November 16, 2012

Engineering Professor Developing an Actively Powered Ankle Prosthesis

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Xiangrong Shen, PhD, an assistant professor of mechanical engineering at The University of Alabama (UA), Tuscaloosa, has launched a four-year project with researchers from UA; Vanderbilt University, Nashville, Tennessee; and the Georgia Institute of Technology (Georgia Tech), Atlanta, to produce an alternative transtibial prosthesis that is capable of actively powering the ankle joint in use. He recently received a $564,000 grant from the Eunice Kennedy Shriver National Institute of Child Health and Human Development to help fund the project, and is currently working on a prototype.

Shen (on the right) discusses a prototype of a transtibial prosthesis with graduate student Molei Wu.

Photograph courtesy of The University of Alabama.

According to Shen, there are two key components in the new prosthesis. The first is a liquid fuel called monopropellant, which works as an energy-storing medium and decomposes upon contact with certain catalysts. The use of this fuel allows for a lightweight prosthesis that stores enough energy to operate for daily use. The second component is a sleeve muscle actuator, an artificial muscle that replaces the motor used in some alternative prostheses as the prosthetic actuator. The sleeve muscle is more powerful, with a lighter weight and more compact profile, and its elastic properties are similar to a biological skeletal muscle.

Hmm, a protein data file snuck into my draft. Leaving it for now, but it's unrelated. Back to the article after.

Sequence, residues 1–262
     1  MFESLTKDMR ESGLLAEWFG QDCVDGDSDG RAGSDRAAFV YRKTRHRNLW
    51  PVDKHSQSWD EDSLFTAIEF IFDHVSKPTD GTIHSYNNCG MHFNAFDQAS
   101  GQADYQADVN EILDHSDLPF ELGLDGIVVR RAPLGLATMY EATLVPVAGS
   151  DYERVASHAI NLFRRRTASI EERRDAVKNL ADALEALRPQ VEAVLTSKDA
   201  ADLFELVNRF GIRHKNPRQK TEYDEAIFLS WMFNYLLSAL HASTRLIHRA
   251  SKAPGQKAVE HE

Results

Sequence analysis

Shen has successfully demonstrated the basic concept of the actuator and how to use it to drive a robotic joint.

“This is a relatively new system,” Shen said. “There are some problems in putting the prosthesis into clinical use because the components of the prosthesis are still being developed. In our research, the long-term goal is to develop powered prostheses with comparable appearance and functionality as human limbs.”

To better guarantee the safety and reliability of the prosthesis, Shen plans to explore new approaches in fuel storage, exhaust management, thermal insulation, and heat management.

After the research element of the project is completed, Shen and his team will test the device at Georgia Tech where he will use their multicamera motion capturing system to measure his subject’s gait. He will also use a force plate to assess the kinetics in walking as well.

Editor’s note: This story has been adapted from materials provided by The University of Alabama.

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